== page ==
The Redskins limited the Lions to 31 rushing yards and sacked Frerotte five times. He was shaky early on in his first game against the team that released him during the offseason. But the former seventh-round draft choice who became a Pro Bowler before losing favor with Turner and Redskins made enough good throws--including a 23-yard touchdown pass to wide receiver Herman Moore in the second quarter--to win.
"I had some great games in D.C.," said Frerotte, who didn't find out until Friday that he was starting ahead of the injured Charlie Batch. "Now I've had some with the Lions. It's up there in the top couple games in my career."
Turner congratulated Frerotte after the game and said later: "I thought he made the throws he had to make."
The Redskins' opening drive lasted 14 plays and 8 1/2 minutes, but yielded only a 3-0 lead, thanks in part to an officiating mistake that cost them a touchdown.
On a third-and-four play from the Detroit 47-yard line, Johnson was nearly intercepted by safety Mark Carrier. But Carrier couldn't control the ball as he tried to make a diving interception at the 30, and Redskins fullback Larry Centers picked up the carom and ran into the end zone.
The officials at first ruled that the pass was incomplete because the ball had hit the ground. But the Redskins challenged the call, and it was overturned on instant replay. Because the whistle had blown prior to Centers's runback, however, the Redskins didn't get a touchdown.
Instead, they had a first down at the 30 and settled for Brett Conway's 42-yard field goal.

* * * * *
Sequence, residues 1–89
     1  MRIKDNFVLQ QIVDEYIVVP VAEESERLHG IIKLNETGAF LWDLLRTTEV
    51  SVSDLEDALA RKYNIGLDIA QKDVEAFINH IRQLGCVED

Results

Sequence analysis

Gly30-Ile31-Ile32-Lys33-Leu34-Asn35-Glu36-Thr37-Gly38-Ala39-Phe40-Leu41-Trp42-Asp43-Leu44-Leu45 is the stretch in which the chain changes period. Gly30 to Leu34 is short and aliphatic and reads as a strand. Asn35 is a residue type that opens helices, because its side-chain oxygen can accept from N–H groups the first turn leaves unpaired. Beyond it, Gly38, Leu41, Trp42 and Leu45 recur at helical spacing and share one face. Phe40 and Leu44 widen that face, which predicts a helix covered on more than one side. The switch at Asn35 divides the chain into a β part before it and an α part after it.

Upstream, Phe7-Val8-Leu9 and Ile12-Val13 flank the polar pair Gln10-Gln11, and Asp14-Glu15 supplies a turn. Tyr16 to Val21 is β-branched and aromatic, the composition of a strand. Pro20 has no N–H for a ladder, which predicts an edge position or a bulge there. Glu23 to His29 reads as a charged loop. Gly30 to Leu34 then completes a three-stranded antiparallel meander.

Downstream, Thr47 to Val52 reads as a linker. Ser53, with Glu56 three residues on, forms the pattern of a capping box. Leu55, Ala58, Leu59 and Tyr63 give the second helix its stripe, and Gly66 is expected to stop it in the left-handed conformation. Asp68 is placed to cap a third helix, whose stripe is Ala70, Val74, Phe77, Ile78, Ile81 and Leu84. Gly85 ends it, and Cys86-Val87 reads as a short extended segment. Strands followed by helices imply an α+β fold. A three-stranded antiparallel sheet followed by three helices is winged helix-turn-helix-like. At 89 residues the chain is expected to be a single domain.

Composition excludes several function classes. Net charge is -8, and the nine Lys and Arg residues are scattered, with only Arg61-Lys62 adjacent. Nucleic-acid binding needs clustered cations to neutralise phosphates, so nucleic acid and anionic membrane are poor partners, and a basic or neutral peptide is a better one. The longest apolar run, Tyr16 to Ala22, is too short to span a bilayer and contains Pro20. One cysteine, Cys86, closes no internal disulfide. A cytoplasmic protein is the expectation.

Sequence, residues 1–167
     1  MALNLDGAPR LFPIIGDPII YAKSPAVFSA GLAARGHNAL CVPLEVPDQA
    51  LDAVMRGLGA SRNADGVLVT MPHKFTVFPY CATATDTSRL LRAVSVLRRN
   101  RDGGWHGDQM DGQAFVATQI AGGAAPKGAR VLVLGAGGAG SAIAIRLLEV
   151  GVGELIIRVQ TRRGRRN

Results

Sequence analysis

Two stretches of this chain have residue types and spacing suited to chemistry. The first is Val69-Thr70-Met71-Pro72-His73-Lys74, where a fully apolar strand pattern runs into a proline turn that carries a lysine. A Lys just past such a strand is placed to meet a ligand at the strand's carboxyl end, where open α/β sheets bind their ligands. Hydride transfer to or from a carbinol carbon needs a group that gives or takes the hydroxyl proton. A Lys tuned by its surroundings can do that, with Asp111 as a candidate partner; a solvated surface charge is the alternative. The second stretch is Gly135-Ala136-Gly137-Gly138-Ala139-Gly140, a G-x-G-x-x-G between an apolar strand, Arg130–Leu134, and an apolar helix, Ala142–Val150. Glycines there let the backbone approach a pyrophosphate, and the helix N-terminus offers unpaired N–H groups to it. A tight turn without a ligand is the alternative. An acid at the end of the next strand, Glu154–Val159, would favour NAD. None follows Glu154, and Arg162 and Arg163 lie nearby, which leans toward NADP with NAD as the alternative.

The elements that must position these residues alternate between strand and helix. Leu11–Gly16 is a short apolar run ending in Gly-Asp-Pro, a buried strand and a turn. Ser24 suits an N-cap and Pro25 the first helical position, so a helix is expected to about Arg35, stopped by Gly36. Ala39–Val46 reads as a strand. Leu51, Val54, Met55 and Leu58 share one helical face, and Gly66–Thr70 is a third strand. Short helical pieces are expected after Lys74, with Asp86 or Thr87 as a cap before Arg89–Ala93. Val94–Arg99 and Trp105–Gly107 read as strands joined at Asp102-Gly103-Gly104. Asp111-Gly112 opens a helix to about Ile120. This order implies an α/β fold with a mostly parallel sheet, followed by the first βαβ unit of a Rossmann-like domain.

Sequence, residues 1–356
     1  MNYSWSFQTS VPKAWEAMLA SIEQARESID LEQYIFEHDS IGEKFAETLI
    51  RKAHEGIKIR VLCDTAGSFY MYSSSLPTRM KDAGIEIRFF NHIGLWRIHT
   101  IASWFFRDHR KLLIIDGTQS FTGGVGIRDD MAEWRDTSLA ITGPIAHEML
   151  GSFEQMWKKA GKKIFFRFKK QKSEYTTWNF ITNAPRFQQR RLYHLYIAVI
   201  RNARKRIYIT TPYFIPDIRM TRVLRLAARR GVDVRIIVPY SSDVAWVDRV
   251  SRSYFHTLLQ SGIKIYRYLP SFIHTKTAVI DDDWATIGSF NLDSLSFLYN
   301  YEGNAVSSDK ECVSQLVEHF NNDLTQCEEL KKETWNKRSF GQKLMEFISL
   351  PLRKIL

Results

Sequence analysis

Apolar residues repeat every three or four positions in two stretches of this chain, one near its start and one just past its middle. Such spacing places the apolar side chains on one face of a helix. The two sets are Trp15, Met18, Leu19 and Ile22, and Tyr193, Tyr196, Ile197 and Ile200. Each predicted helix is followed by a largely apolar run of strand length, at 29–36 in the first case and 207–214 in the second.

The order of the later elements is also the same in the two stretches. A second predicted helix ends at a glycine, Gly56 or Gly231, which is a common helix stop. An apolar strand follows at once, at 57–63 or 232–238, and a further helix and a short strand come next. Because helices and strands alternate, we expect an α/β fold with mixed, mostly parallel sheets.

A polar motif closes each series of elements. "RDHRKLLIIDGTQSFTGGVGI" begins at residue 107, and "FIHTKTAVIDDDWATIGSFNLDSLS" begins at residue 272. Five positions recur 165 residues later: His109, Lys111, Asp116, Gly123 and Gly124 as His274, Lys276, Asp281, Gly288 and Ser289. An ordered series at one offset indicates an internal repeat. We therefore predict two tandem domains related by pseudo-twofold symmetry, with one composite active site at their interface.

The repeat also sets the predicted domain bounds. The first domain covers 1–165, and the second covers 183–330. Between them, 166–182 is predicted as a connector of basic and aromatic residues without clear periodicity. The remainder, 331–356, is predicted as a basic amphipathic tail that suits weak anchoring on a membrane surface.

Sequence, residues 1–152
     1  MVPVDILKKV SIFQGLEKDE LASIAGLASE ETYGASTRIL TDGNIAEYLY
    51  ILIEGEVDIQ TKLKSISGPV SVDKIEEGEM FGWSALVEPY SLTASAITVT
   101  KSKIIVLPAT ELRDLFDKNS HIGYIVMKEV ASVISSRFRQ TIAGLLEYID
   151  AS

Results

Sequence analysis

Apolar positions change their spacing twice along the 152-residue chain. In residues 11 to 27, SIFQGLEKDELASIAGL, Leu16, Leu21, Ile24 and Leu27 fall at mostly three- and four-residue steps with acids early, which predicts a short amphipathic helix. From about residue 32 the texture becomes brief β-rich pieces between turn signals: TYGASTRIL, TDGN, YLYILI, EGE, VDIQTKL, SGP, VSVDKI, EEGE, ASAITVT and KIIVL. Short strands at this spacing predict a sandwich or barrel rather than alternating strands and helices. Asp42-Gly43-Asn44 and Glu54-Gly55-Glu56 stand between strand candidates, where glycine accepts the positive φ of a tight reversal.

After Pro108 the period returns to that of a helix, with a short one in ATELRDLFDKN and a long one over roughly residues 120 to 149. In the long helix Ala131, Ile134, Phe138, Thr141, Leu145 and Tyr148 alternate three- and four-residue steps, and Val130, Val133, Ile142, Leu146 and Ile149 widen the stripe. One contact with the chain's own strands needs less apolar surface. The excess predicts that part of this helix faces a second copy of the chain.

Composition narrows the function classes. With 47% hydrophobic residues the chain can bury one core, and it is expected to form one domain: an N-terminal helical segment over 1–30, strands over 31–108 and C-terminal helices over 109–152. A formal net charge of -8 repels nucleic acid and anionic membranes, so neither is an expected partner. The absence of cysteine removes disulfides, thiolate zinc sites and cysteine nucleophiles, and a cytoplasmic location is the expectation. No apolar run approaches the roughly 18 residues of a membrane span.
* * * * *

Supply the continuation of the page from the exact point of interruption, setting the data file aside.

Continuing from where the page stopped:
The Lions got even on the first of Jason Hanson's four field goals, a 50-yarder with 6:02 left in the half. But Thrash, who has shared the Redskins' kickoff-return duties with Mitchell in recent weeks, took Hanson's ensuing kick at the 5 and raced to the end zone.
The Lions responded immediately with a four-play touchdown drive. Frerotte and Moore ran a pump-and-go maneuver on rookie cornerback Champ Bailey. Bailey fell for the fake and stumbled as he tried to recover, and Moore caught Frerotte's lob for the touchdown.
The Redskins couldn't get a first down, then had to punt a second time after a holding penalty on Matt Stevens. Howard struck on the redo. The former Redskins first-round draft pick sidestepped Curtis Buckley after catching Matt Turk's punt. Howard got to the sideline to his left and faked Turk to the turf, then coasted to the end zone to put his new team in front for good.
"It's a totally incredible feeling," said Howard, who was cut by the Packers last week.
Hanson's 45-yard field goal five seconds before halftime increased Detroit's lead to 20-10.
Westbrook caught a 39-yard touchdown pass from Johnson, getting the Redskins to 20-17 just over 2 1/2 minutes into the third quarter. But the Redskins were shut down from there, and the Lions pulled away.
Hanson missed a 46-yard field goal try, but later connected on a 37-yarder. Westbrook's fumble led to Hanson's 52-yard field goal, and Detroit provided the final margin with just over eight minutes to play when defensive tackle James Jones sacked Johnson and the ball was grabbed in the air by Elliss, who ran into the end zone. The Redskins' last gasp at a comeback was squelched when Johnson was intercepted by linebacker Stephen Boyd after having an apparent 30-yard touchdown pass to Westbrook overturned by an instant-replay ruling that the receiver was out of bounds.